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A chalazion (also known as meibomian cyst)is a common condition. It is an inflamed swelling in the eyelid caused by a blocked oily duct.

The meibomian glands are in the tarsal plates of the eyelids and contain over 25 tiny oily secreting ducts per eyelid which open onto the eyelid margin and secrete oil into the tear film, which helps stop tears evaporate. If just one duct gets blocked, oil accumulates and the body reacts by sending in inflammatory cells which cause a red painful inflamed lump.

Natural history

A chalazion may eventually settle with antibiotic ointment applied regularly onto the eyelid margin for two weeks and hot compresses used if very inflamed. This may leave a quiet noticeable lump which needs surgery.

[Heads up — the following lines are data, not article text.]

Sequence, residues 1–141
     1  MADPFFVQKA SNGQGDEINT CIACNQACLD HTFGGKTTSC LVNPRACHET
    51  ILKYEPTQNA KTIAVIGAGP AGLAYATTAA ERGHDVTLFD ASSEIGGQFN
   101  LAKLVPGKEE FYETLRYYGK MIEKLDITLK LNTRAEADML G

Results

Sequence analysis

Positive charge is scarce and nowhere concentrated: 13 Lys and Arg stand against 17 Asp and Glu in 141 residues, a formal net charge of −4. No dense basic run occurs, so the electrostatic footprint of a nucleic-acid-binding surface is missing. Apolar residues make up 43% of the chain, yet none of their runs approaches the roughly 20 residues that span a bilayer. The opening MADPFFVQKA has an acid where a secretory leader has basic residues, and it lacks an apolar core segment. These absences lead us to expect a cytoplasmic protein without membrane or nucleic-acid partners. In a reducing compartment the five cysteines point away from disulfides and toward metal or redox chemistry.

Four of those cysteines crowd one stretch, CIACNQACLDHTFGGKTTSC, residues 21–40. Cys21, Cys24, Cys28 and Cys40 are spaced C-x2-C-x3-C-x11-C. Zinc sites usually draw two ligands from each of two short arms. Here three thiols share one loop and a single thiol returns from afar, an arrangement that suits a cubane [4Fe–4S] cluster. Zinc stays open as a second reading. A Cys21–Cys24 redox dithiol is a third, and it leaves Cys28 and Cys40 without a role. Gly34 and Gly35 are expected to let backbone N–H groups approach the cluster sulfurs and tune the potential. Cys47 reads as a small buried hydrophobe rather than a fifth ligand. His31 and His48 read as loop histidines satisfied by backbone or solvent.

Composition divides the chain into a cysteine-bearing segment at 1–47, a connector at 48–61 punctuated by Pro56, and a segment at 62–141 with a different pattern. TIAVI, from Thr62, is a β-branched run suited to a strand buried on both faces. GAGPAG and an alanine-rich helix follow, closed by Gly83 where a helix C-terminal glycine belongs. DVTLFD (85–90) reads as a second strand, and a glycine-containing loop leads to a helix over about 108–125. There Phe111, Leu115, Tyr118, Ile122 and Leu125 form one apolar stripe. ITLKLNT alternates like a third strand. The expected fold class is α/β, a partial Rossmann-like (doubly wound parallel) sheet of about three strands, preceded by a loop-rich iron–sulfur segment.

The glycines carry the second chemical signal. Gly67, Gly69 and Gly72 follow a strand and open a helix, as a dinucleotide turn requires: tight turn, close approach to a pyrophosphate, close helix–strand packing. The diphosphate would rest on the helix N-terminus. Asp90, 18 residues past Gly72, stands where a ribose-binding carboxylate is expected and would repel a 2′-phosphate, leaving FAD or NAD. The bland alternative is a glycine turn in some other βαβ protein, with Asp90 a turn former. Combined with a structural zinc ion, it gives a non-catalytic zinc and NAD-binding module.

This picture shows an inflamed chalazion lower lid and blepharitis (crusting and redness at the lashes). There is also an infected lash follicle (small stye). Picture of a quiet chalazion in the upper lid. Other cysts can occur around the eyelids such as watery cysts of Moll which are accumulations of sweat fluid in a skin cyst. Cysts of Moll are removed via small skin incisions under local anaesthesia.

Surgery - incision and curettage (I+C)

If the chalazion doesn't settle, it may require surgery to drain the contents. This simple surgery is done under local anaesthesia. First the skin is cleaned then a drop of local anaesthetic inserted on the surface of the eye.

View the Chalazion FAQ


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